Phillies fans on Twitter, Facebook, and Internet message boards were infuriated last night when Ryan Madson blew a three-run lead and as sure a victory as the Phillies are going to get this year. The disappointment was justified as the Phillies had a 98.7% chance of winning the game with two outs and a runner on first base in the ninth inning. Even when Troy Glaus hit the two-run home run, the Phils were 95.9% favorites.
Madson’s latest outing coupled with previous struggles in the ninth inning has led many to conclude that he is unfit psychologically to handle the responsibilities of closing out games. Really, it is no different than the criticisms of Cole Hamels being a sissy or mentally weak or what have you. It’s armchair psychoanalysis, as I like to call it.
And it’s bunk science based on small sample sizes, confirmation biases, and misinterpretation of data.
Here’s how it happened:
- Ryan Madson quietly performed his job well last year, but prominently struggled in several notable games which stuck in the memories of many Phillies fans. Phillies fans suspect that Madson may be unfit to be a closer.
- Madson succeeds as a closer several more times. Phillies fans don’t pay any mind because there are more interesting things to pay attention to and because most relievers, even bad ones, will convert saves every now and then.
- Madson fails to convert a save opportunity. Coupled with Phillies fans’ previous view of Madson, this only reinforces their belief and serves as evidence.
- Lather, rinse, repeat.
If you have been reading this blog with any regularity, you have heard me harp about small sample sizes over and over again. With a limited amount of data, we can draw almost zero conclusions with any confidence. If you’re trying to figure out if a coin may be rigged, you do not flip it twice and call it rigged if you get two heads or two tails. You flip it many times — 50 or 100 times if not more. The odds of getting peculiar results with a fair coin become much, much smaller with more trials.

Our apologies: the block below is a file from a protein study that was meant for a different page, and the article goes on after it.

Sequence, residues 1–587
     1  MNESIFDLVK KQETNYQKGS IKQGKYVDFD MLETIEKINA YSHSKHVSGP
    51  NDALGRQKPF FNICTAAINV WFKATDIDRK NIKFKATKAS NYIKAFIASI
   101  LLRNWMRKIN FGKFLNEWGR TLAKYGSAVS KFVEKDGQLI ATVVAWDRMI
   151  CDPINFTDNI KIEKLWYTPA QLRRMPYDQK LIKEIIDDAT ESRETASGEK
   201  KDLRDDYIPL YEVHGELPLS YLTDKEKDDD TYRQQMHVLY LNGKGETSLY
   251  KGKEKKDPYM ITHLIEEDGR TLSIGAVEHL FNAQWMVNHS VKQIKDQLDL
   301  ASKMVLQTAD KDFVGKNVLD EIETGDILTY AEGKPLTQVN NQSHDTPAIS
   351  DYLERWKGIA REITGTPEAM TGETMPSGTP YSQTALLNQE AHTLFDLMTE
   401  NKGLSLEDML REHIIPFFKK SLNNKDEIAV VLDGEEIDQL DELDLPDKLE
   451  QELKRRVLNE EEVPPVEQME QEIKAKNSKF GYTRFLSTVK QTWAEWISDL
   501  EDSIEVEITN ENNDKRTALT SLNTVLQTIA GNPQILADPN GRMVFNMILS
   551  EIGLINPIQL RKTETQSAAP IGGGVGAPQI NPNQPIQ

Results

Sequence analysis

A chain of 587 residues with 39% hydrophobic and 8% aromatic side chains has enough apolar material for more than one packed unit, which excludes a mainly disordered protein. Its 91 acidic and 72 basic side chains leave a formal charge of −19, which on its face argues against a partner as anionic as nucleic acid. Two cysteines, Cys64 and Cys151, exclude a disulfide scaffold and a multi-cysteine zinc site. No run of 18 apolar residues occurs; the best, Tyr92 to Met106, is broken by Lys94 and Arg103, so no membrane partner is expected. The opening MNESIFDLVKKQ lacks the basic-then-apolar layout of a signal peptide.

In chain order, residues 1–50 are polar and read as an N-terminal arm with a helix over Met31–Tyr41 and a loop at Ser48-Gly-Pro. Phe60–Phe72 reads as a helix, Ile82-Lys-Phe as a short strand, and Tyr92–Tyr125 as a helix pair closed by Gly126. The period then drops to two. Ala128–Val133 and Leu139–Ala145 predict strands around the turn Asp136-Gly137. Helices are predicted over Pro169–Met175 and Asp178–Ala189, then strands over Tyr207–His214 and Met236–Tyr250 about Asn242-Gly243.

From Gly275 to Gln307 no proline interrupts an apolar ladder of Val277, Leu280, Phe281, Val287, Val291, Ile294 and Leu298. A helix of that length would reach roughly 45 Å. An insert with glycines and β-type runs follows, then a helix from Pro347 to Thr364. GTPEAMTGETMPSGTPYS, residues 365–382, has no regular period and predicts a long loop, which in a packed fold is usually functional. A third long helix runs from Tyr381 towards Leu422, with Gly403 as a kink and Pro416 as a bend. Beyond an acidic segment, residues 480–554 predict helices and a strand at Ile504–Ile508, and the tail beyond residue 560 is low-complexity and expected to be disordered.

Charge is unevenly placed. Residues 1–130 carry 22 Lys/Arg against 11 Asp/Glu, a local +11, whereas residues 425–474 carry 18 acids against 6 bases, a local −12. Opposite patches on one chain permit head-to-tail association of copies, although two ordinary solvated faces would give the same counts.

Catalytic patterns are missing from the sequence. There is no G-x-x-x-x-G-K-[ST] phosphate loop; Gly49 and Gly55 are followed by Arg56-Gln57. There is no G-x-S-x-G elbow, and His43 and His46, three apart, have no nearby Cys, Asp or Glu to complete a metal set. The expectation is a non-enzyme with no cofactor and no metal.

The same thing applies to baseball statistics. In seven appearances, the odds of allowing two home runs with five fly balls is a lot higher than allowing 14 home runs in 35 fly balls in 49 appearances. Ryan Madson has, thus far in 2010, allowed two home runs with five induced fly balls. We know that pitchers do not have control over their home run rate aside from their ability to induce fly balls in general. A pitcher’s HR/FB% will normally hover around 10% so Madson’s 40% really sticks out.
Similarly, we know that pitchers have very little control over batted balls put in play. A pitcher’s BABIP will tend to hover around .300 and actually several points lower for relief pitchers. Ryan Madson’s current BABIP is .405. The odds of 40.5% of 22 batted balls falling in for hits is a lot higher than 40.5% of 220 batted balls.
The other statistical principle we know to be true is regression to the mean. Ryan Madson may have had 40% of his fly balls hit for home runs but that will not hold true for an entire season. Of the remaining 65-ish fly balls that Madson will likely allow over the rest of the season, 10% of them will likely be home runs.
With a little bit of logic and knowledge of statistics, we are able to write off Madson’s poor start to the 2010 season as aberrant. That should be enough for most rational people, but there will still be some out there who, upon reading this, will still claim that Madson doesn’t have the mental toughness to pitch in the ninth inning. Take a gander at Ryan Madson last year:
- 8th inning: 48.1 IP, 47 K, 15 BB, 3.54 ERA (3.20 xFIP)
- 9th inning: 23.1 IP, 27 K, 6 BB, 3.47 ERA (2.91 xFIP)
Ryan Madson is a relief pitcher who strikes out a lot of hitters, walks very few, and induces a lot of ground balls. I will take that pitcher every day and twice on Sunday. And so should you.